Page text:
Johnson, John (1662-1725) (DNB00)
|←Johnson, John (fl.1641)||Dictionary of National Biography, 1885-1900, Volume 30
Johnson, John (1662-1725)
|Johnson, John (1706-1791)→|
JOHNSON, JOHN, of Cranbrook (1662–1725), divine, born 30 Dec. 1662, at Frindsbury in Kent, was son of the vicar, Thomas Johnson, by Mary, daughter of Francis Drayton, rector of Little Chart, Kent. His father dying about four years after his marriage, Mrs. Johnson, with her two children, a son and a daughter, settled at Canterbury, where John was sent to the King's School. At the age of fifteen he went to Magdalene College, Cambridge, where he graduated B.A. 1681. He was afterwards nominated to a scholarship at Corpus Christi College by the dean and chapter of Canterbury; proceeded M.A. in 1685; received holy orders, and served the curacy of Hardres, near Canterbury. In 1687 he was collated by Archbishop Sancroft to the vicarage of Boughton-under-the-Blean, and he also held the neighbouring vicarage of Hernhill, which was under sequestration. In 1697 the vicarage of St. John's, which included Margate, became void, and Archbishop Tenison appointed Johnson to the important benefice. As the salary was small, he also collated Johnson to the vicarage of Appledore, on the borders of Romney Marsh, on 1 May 1697. Johnson, however, ‘chose to hold Margate by sequestration only’ (Brett). He took two or three boarders to teach with his two sons, and growing absorbed in the work of education, he resigned his clerical charge, and settled at Appledore in 1703. The air not agreeing with him, he obtained from Tenison the living of Cranbrook, Kent, which fell vacant in 1707. There he remained until his death and wrote most of his books. He is generally known as ‘Johnson of Cranbrook.’ He was chosen in 1710 and 1713 by the clergy of the diocese of Canterbury to be one of their proctors in convocation. He was a diligent parish priest, and always had daily service in his church. His church principles were those of the nonjurors, and he was intimate with Dr. George Hickes [q. v.] Among his correspondence are interesting letters from Hickes and Robert Nelson [q. v.], and to Thomas Brett [q. v.] He never recovered the blow caused by the death of his eldest son in December 1723. He died 15 Dec. 1725, and was buried in Cranbrook churchyard. In 1689 he married Margaret, daughter of Thomas Jenkin, by whom he had five children, only one of whom survived him. Johnson was a very able writer in controversial divinity. Most of his books were anonymous. His first was a paraphrase, with notes, of the Book of Psalms, according to the translation in the Book of Common Prayer, called ‘Holy David and his Old English Translation cleared’ (1706). His next work, ‘The Clergyman's Vade Mecum’ (first part in 1708), was a practically useful book upon the position of the clergy, and reached a fifth edition in 1723. In 1709 he published part ii. of the ‘Vade Mecum,’ containing ‘the Canonical Codes of the Primitive, Universal, Eastern, and Western Church down to the year 787,’ with explanatory notes. In 1710 appeared ‘The Propitiatory Oblation in the Holy Eucharist,’ with a postscript replying to some remarks by Dr. Trimnell, bishop of Norwich, upon the second part of the ‘Vade Mecum.’ This work, which was in direct opposition to the whig theology of the day, alienated Tenison and provoked a large number of replies. In 1714 Johnson gave further expression to his views in his best-known work, ‘The Unbloody Sacrifice and Altar Unvail'd and Supported.’ In 1717 he published part ii. of ‘The Unbloody Sacrifice.’ Both parts were reissued in the Anglo-Catholic Library in 1847. Next followed a collection of ecclesiastical laws, 1720 (new ed. 1850), and some tracts on practical subjects. After his death his daughters published ‘The Primitive Communicant,’ in three discourses, ‘Daniel's Prophecy of the LXX Weeks explained,’ and two sermons on ‘The Nature of God and His True Worship.’ These, with a sermon preached at Canterbury school-feast, with a curious preface contending that there were ‘no alphabetical letters before Moses,’ are contained in one volume, with a life of the author by Dr. Thomas Brett, published in 1748. Two volumes of sermons were published in 1728. A paper by Johnson on the office of an archdeacon was printed in ‘Illustrations of the Manners and Experiences of Antient Times in England,’ by [J. N.], 1797.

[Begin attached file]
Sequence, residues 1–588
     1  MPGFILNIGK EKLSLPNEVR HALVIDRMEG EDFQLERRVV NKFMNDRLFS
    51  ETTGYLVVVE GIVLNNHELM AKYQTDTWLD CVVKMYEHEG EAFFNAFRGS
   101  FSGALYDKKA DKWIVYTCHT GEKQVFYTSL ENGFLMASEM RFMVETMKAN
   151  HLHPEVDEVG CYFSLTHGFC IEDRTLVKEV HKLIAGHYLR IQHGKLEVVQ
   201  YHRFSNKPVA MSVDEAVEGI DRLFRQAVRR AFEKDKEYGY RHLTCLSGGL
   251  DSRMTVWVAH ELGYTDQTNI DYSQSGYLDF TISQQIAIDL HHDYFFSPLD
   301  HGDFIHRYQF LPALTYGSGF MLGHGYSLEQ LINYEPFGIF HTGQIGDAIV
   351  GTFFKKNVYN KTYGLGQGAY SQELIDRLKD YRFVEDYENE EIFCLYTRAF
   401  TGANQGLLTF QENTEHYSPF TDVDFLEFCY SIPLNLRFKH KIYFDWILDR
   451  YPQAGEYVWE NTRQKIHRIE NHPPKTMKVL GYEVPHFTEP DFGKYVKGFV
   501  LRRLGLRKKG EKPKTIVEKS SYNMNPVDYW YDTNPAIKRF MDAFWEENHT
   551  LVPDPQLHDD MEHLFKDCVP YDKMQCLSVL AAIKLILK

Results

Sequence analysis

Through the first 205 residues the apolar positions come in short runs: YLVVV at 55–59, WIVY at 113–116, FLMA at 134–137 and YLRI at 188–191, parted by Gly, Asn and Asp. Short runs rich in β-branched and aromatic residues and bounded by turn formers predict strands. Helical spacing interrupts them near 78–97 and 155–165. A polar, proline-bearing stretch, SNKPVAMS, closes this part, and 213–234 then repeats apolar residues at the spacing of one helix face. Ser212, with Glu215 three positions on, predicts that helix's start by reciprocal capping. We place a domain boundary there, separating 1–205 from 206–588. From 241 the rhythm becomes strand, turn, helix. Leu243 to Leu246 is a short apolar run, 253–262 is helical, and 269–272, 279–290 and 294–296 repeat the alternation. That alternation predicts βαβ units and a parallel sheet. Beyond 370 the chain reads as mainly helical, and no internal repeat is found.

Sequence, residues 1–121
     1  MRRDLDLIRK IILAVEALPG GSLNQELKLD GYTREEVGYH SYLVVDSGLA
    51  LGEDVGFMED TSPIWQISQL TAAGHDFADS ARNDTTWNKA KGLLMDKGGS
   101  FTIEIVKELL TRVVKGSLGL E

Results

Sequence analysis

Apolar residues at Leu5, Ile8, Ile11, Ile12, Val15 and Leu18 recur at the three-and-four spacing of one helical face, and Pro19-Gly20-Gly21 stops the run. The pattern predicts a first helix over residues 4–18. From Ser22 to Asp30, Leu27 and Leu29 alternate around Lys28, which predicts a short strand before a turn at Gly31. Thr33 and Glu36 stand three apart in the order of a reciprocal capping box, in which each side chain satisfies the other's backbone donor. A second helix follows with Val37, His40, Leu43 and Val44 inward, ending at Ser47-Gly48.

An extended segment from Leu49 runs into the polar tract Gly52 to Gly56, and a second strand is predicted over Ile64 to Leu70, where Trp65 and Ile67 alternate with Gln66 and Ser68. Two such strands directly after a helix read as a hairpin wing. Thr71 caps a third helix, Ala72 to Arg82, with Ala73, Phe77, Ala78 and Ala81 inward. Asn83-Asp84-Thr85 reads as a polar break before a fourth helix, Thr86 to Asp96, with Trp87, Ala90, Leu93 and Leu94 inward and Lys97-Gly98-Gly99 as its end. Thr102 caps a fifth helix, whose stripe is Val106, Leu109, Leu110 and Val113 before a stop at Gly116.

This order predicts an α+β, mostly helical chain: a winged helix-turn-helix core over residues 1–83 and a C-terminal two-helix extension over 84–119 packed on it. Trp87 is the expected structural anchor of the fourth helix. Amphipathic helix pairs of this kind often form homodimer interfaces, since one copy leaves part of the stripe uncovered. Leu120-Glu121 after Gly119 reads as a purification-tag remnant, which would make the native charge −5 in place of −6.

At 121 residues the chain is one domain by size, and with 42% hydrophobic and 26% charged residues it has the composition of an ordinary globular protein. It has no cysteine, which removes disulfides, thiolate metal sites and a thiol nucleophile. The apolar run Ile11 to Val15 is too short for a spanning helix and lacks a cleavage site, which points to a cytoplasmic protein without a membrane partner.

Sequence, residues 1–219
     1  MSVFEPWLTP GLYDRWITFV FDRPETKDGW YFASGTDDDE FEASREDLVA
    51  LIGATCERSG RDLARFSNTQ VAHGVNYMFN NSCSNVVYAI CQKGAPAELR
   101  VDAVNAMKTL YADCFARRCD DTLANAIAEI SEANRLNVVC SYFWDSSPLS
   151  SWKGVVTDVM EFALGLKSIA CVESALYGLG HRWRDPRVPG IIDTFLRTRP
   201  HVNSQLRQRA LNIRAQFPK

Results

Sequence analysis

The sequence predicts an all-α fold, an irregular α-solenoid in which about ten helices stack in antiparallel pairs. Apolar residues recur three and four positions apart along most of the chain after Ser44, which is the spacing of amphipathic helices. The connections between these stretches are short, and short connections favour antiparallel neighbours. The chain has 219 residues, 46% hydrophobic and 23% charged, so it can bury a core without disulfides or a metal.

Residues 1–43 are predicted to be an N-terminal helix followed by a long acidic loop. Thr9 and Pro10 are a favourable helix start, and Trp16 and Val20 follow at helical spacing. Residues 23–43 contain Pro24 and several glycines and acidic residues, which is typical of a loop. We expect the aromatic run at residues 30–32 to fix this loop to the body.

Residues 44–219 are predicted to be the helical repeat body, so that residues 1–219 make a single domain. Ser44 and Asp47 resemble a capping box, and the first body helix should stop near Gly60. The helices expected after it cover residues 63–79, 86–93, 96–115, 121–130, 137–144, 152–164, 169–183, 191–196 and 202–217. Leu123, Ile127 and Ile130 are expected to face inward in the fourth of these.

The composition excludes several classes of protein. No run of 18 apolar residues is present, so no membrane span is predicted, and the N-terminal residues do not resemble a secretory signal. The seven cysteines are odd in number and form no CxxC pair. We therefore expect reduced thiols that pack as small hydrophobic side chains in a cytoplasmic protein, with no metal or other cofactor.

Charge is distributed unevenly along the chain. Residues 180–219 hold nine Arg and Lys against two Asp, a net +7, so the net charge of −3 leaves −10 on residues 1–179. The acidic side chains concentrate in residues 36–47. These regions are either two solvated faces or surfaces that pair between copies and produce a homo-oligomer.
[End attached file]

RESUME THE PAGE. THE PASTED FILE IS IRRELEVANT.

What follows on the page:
[Life of Johnson, by Thomas Brett; Johnson's Works, passim; Nichols's Lit. Anecd. ix. 197; various notices in the works of Dean Hickes, Dr. Brett, Robert Nelson, &c.]